Tuesday, 25 April 2017

Buyhaviour 8: Imposter phenomenon


"The exaggerated esteem in which my lifework is held makes me very ill at ease. I feel compelled to think of myself as an involuntary swindler", said Albert Einstein. Unbelievably.

"Impostor syndrome is a phenomenon where people are unable to own their accomplishments. Despite evidence otherwise, those with the syndrome remain convinced they're frauds" (1987).

Originally thought to only effect high-achieving women*; then extended to minority groups; then graduates. From talking to colleagues, I'd say advertising creatives are also susceptible to it. 

Because - unlike doctors or accountants or labourers - our work is subjective. There's no right or wrong in creativity (just like in Einstein's physics) - and this fosters a nursery of doubts. 

Knowing this, you'd think agencies would go out of their way to reassure creatives - the ones that actually make the work that earns them money - that they're valued; that they're not imposters.

But in my experience, inexplicably, the ad industry conspires to keep creatives under the thumb of the phenomenon. 

Even from the very beginning, with grads left with no option but interning for free, and juniors only getting paid a pittance - the least of every department. 

Then throw in the awards culture, that artificially pits creative teams against each other, which inadvertently breeds unscrupulous douchebags that'll do anything to get ahead.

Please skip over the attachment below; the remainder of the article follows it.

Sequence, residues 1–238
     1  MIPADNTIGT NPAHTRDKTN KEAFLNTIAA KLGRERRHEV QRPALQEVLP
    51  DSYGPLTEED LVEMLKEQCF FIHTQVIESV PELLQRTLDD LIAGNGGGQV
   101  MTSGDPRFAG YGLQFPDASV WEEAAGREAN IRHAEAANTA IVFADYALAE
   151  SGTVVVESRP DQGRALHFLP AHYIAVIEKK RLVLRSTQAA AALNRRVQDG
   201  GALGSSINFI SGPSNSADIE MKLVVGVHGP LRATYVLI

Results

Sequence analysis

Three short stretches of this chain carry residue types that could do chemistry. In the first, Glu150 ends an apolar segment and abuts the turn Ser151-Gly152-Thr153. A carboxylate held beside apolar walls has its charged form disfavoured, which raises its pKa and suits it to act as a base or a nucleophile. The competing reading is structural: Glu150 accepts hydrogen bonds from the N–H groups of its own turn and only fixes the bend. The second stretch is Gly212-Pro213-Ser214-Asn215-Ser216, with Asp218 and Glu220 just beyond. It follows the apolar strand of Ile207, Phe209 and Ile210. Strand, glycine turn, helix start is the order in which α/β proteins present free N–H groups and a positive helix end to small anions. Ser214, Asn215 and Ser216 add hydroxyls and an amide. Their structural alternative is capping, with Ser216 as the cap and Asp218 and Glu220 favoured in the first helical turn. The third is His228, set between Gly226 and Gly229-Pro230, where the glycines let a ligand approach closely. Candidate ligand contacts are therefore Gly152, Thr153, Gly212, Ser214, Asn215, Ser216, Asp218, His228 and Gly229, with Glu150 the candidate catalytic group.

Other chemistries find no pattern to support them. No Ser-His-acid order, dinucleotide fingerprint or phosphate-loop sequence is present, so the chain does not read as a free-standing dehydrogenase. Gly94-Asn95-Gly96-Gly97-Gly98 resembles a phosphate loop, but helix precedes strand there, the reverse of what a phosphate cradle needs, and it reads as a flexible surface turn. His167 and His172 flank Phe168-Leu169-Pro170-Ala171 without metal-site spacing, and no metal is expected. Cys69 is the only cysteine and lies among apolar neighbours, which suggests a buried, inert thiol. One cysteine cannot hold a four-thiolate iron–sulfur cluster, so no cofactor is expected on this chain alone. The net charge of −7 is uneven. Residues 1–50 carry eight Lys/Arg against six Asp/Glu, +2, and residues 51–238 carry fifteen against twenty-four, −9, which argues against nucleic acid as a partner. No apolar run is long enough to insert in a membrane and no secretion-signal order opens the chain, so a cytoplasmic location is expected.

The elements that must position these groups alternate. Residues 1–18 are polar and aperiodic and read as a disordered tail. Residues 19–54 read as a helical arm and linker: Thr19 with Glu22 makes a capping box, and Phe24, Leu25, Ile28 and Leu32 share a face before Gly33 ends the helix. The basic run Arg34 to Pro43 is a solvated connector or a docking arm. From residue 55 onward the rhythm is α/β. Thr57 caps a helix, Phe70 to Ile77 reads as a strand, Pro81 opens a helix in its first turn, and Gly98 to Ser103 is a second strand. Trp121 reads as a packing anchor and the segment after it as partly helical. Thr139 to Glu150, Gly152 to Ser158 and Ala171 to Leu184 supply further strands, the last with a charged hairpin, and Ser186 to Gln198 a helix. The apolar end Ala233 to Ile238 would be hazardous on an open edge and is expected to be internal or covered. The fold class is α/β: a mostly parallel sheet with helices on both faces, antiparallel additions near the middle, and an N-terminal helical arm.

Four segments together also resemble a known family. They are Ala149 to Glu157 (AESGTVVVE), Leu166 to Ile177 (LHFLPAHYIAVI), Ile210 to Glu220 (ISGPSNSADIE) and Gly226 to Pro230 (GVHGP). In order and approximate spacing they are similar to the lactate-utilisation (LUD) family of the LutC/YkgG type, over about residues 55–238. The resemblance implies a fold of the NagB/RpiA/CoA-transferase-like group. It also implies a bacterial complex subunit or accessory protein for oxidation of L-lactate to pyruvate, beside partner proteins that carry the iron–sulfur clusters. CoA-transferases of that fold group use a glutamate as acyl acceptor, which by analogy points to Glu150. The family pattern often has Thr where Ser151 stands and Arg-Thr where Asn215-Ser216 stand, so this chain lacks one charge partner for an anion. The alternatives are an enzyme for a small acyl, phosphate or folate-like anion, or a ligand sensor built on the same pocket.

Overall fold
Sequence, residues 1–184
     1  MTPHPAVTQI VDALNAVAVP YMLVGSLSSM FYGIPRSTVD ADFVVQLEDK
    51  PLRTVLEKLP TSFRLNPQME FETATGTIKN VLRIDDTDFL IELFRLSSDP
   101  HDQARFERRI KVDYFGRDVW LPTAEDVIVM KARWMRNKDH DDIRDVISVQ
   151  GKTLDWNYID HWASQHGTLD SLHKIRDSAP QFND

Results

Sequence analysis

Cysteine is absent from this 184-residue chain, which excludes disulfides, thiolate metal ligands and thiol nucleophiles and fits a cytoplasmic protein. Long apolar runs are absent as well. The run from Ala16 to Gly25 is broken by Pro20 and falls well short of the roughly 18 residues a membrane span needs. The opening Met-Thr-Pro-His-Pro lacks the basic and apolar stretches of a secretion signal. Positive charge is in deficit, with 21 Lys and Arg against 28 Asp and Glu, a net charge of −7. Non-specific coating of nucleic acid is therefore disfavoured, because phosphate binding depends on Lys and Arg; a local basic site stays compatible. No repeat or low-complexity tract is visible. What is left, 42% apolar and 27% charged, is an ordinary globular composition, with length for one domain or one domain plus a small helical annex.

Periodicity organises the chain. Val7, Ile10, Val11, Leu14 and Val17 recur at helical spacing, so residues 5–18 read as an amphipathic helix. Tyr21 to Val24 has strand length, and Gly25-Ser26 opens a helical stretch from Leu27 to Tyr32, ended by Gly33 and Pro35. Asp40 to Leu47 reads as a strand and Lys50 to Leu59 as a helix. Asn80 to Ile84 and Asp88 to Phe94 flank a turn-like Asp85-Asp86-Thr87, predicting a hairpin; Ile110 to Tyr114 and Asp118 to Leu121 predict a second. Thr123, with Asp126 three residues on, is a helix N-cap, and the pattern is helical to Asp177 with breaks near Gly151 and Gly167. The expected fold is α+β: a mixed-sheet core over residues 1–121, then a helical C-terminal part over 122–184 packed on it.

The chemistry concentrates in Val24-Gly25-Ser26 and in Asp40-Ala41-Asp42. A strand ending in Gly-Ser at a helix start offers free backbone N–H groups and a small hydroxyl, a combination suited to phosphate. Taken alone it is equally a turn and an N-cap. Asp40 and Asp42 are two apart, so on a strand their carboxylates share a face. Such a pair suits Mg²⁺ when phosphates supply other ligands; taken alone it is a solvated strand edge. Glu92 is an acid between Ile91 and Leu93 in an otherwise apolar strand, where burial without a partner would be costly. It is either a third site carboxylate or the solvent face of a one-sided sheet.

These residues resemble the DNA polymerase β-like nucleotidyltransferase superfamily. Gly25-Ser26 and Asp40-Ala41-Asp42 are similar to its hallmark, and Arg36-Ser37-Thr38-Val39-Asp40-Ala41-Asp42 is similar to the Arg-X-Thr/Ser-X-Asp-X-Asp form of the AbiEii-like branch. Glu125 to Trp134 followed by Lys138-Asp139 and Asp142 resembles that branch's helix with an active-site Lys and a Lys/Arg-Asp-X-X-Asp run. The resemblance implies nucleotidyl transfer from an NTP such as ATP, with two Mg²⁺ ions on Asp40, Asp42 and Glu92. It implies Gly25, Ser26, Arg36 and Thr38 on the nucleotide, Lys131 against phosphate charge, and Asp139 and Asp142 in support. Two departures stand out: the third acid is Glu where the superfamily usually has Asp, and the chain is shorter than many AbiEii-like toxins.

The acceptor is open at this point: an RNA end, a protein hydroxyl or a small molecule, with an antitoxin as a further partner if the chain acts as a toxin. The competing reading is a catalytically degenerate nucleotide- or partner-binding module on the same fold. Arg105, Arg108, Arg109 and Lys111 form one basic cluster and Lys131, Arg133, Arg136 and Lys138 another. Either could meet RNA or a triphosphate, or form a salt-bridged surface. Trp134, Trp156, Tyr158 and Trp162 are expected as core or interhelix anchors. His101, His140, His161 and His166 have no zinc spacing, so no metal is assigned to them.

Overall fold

Plus the vitriolic comments on the blogs (The industry seems incapable of mum's simple rule: If you don't have anything nice to say don't say it at all) - screw professional camaraderie.

And then, if all that wasn't bad enough, a couple of years ago agencies began saying ideas can come from anywhere; totally diminishing the creative's role. 

Without creatives, ad agencies don't exist. Simple. Can we say the same about other departments? But instead of allaying their 'imposter' fears, the industry systemically perpetuates them.

And yet in spite of all this, brilliant work still gets done. Those not eaten alive, the ones that prove to themselves they aren't imposters, come out the other side humbled and empowered - unstoppable. 

I'll leave you with this from Bob Hoffman:"Creative people make the ads. Everyone else makes the arrangements."


*Although not the lead, it's also worth mentioning that I've met a confounding number of intelligent, successful women - from suits to strategists - who suffer from the 'Imposter Syndrome' in our industry. Embarrassingly, many of these points - lower pay especially - are compounded for them - and desperately needs to change. 

Christopher Ott

Discover more Buyhaviour:

Buyhaviour Series: An Introduction 
Buyhaviour 1: Availability Bias 
Buyhaviour 2: Status Quo Bias 
Buyhaviour 3: Confirmation Bias 
Buyhaviour 4: Conjunction Fallacy 
Buyhaviour 5: The Spotlight Effect
Buyhaviour 6: The Matthew Effect  
Buyhaviour 7: Fight or Flight Heuristic
Buyhaviour 8: Imposter Phenomenon 
Buyhaviour 9: Red Queen Hypothesis 

Clance, Pauline Rose; Imes, Suzanne A. (1978). "The imposter phenomenon in high achieving women: Dynamics and therapeutic intervention."

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